The majority of light-gathering macromolecules are composed of chromophores (responsible for the colour of molecules) attached to proteins, which carry out the first step of photosynthesis, capturing sunlight and transferring the associated energy highly efficiently. Previous experiments suggest that energy is transferred in a wave-like manner, exploiting quantum phenomena, but crucially, a non-classical explanation could not be conclusively proved as the phenomena identified could equally be described using classical physics.

 

Often, to observe or exploit quantum mechanical phenomena systems need to be cooled to very low temperatures. This however does not seem to be the case in some biological systems, which display quantum properties even at ambient temperatures.

 

Now, a team at UCL have attempted to identify features in these biological systems which can only be predicted by quantum physics, and for which no classical analogues exist.

 

"Energy transfer in light-harvesting macromolecules is assisted by specific vibrational motions of the chromophores," said Alexandra Olaya-Castro (UCL Physics & Astronomy), supervisor and co-author of the research. "We found that the properties of some of the chromophore vibrations that assist energy transfer during photosynthesis can never be described with classical laws, and moreover, this non-classical behaviour enhances the efficiency of the energy transfer."

 

Molecular vibrations are periodic motions of the atoms in a molecule, like the motion of a mass attached to a spring. When the energy of a collective vibration of two chromphores matches the energy difference between the electronic transitions of these chromophores a resonance occurs and efficient energy exchange between electronic and vibrational degrees of freedom takes place.

 

Providing that the energy associated to the vibration is higher than the temperature scale, only a discrete unit or quantum of energy is exchanged. Consequently, as energy is transferred from one chromophore to the other, the collective vibration displays properties that have no classical counterpart.

 

The UCL team found the unambiguous signature of non-classicality is given by a negative joint probability of finding the chromophores with certain relative positions and momenta. In classical physics, probability distributions are always positive.

 

"The negative values in these probability distributions are a manifestation of a truly quantum feature, that is, the coherent exchange of a single quantum of energy," explained Edward O'Reilly (UCL Physics & Astronomy), first author of the study. "When this happens electronic and vibrational degrees of freedom are jointly and transiently in a superposition of quantum states, a feature that can never be predicted with classical physics."


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Varieties of English - Soundmap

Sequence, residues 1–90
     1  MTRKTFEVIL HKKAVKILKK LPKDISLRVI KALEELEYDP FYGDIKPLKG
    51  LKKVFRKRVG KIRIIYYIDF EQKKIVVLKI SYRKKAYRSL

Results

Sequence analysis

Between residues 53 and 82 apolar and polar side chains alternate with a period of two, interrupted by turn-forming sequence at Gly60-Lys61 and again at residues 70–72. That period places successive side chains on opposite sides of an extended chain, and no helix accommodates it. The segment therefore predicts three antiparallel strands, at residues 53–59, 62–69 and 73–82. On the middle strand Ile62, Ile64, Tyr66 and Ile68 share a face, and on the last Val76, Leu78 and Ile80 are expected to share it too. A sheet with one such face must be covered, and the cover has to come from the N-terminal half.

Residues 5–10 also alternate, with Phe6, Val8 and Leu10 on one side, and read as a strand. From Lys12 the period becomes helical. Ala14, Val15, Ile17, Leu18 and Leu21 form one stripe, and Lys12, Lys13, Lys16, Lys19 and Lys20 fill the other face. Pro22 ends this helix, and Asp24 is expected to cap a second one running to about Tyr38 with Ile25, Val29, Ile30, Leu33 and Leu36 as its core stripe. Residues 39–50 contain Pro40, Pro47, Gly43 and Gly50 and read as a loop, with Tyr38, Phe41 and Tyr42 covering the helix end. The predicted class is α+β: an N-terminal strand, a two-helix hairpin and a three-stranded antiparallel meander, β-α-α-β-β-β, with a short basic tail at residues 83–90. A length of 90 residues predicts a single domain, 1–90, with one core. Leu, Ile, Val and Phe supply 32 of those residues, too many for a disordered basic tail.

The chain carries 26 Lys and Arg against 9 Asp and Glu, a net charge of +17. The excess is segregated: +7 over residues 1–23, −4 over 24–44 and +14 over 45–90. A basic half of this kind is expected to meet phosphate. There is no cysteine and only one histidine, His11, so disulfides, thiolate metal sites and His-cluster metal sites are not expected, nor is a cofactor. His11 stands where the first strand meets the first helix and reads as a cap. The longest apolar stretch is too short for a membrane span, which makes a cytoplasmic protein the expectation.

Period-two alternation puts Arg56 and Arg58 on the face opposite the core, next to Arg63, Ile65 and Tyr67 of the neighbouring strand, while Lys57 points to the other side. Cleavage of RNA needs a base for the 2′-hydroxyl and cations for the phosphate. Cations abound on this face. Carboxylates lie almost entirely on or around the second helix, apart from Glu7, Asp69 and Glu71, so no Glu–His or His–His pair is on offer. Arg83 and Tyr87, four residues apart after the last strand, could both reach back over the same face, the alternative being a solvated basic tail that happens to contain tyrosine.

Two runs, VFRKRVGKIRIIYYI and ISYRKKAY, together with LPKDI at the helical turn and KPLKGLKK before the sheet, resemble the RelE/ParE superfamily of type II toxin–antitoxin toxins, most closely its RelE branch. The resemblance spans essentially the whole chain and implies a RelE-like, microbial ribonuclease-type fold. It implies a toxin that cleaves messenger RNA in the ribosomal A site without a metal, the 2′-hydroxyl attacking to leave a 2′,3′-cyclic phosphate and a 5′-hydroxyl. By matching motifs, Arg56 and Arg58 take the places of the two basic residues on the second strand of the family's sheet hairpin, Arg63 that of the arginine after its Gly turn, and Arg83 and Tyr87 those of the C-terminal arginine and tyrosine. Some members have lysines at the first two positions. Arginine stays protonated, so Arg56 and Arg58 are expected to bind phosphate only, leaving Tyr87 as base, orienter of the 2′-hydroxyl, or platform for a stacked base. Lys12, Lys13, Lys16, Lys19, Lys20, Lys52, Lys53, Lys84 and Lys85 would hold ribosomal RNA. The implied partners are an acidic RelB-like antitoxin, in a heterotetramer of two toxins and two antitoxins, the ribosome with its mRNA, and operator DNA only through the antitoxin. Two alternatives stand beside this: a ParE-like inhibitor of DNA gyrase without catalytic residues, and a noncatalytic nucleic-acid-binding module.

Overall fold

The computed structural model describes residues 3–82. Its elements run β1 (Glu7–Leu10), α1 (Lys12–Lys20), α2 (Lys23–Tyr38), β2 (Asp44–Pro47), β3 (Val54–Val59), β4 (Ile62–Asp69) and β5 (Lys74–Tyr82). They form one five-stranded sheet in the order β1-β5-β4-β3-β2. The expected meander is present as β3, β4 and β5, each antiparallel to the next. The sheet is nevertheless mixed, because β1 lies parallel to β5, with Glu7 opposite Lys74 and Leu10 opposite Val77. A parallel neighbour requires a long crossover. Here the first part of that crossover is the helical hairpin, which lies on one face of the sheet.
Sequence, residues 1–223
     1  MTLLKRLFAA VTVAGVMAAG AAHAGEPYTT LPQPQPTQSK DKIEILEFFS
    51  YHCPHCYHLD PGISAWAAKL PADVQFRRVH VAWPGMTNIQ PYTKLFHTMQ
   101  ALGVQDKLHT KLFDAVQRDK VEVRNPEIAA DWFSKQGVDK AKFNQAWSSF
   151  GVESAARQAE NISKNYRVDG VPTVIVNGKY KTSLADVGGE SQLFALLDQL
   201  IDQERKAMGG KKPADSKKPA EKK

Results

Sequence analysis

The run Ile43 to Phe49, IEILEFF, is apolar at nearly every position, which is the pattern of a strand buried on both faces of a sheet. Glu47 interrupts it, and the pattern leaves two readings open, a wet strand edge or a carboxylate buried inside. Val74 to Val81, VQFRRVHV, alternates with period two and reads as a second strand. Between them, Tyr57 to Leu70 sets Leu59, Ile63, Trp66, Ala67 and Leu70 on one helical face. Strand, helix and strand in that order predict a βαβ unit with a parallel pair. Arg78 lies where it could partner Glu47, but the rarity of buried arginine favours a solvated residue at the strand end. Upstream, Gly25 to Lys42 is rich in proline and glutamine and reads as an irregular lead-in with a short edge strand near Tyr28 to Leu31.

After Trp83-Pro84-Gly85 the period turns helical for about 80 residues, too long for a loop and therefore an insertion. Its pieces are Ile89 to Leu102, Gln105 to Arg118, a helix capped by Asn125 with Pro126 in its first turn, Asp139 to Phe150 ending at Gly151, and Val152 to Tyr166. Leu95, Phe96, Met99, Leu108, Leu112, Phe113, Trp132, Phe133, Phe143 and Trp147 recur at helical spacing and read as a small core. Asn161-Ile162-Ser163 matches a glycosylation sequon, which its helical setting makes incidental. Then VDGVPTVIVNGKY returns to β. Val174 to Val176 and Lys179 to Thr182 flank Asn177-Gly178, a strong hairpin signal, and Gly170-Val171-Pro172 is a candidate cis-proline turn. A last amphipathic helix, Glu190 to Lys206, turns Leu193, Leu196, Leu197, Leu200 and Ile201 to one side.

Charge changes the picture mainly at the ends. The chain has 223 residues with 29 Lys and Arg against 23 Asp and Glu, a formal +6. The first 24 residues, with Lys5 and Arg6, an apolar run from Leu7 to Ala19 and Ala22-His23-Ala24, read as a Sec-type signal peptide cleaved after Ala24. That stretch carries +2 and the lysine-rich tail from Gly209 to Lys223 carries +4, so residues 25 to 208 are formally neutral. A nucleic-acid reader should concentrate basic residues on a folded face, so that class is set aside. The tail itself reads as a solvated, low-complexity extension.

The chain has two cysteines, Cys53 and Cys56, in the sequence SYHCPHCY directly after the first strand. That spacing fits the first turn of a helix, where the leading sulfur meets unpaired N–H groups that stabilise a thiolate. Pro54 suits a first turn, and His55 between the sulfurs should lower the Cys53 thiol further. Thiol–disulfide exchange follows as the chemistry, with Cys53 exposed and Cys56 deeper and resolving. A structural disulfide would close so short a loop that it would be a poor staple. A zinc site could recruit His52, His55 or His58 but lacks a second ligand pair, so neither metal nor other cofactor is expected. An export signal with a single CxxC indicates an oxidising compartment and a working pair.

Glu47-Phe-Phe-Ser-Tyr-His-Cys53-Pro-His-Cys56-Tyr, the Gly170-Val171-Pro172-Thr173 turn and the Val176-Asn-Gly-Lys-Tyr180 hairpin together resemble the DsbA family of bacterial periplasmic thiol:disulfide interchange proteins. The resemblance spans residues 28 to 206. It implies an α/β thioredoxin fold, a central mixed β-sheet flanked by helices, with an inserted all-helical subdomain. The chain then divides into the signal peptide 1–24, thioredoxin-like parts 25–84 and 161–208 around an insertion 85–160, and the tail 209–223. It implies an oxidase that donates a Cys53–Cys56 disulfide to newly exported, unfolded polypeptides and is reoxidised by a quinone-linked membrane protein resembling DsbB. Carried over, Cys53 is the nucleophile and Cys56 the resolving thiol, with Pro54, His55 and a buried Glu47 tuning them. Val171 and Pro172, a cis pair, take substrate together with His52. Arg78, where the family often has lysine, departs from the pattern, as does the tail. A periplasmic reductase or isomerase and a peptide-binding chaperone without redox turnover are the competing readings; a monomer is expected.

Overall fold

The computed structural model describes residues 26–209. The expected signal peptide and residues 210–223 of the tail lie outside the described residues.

English comes in many variants all over the world. The two best known are British and American English, but there are also African, Asian, Pacific and Caribbean varieties.

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20,000+ FREE Online Science and Technology Lectures from Top Universities

20,000+ FREE Online Science and Technology Lectures from Top Universities | memories | Scoop.it

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Arturo Pereira's curator insight, August 12, 2017 9:01 AM
The democratization of knowledge!
Nevermore Sithole's curator insight, September 11, 2017 2:42 AM
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Scoop.It for SEO – A New World of Curation [Infographic]

Scoop.It for SEO – A New World of Curation [Infographic] | memories | Scoop.it

For almost everyone who is a part of the online world coming up with fresh content consistently is a big challenge. Practically every guideline advises that content should be engaging, informative and relevant every single time. Consequently, content curation has taken off in a big way.

Simply put, content curation is the process of curating relevant and interesting content from various sources on the web and putting them together and publishing them on a personal site or blog. As a result of the popularity of the content curation process, a number of content marketing tools have been introduced. These tools are meant to help in the process of content marketing and SEO and facilitate the process of curation...


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Annie 's curator insight, December 5, 2014 8:18 PM

Scoop.it helps with the process of curating content. This is a must for your social media.

drula eric's curator insight, December 1, 2016 12:47 AM
Instagram POURSUIT fils opération séduction Avec Une nouvelle Fonctionnalité Qui devrait ravir des ses 500 millions de Membres et plus particuliérement les Professionnels. En effet, les réseaux sociaux d'Excellents are outils versez partager et Échanger, Mais il y a also des commentaires désobligeants, les insultes OÜ spam. https://www.instagram.com/esselte974/
Elizabeth Hutchinson's curator insight, April 12, 1:19 AM
I have used Scoop.it for years. It is one of the best content curation tools I know. Great for sharing and adding your own thoughts.